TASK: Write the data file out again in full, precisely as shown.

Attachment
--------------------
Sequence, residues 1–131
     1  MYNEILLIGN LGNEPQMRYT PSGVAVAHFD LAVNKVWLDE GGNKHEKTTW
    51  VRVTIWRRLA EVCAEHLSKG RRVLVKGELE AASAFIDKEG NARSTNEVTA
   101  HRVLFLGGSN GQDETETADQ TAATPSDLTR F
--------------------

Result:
Sequence, residues 1–131
     1  MYNEILLIGN LGNEPQMRYT PSGVAVAHFD LAVNKVWLDE GGNKHEKTTW
    51  VRVTIWRRLA EVCAEHLSKG RRVLVKGELE AASAFIDKEG NARSTNEVTA
   101  HRVLFLGGSN GQDETETADQ TAATPSDLTR F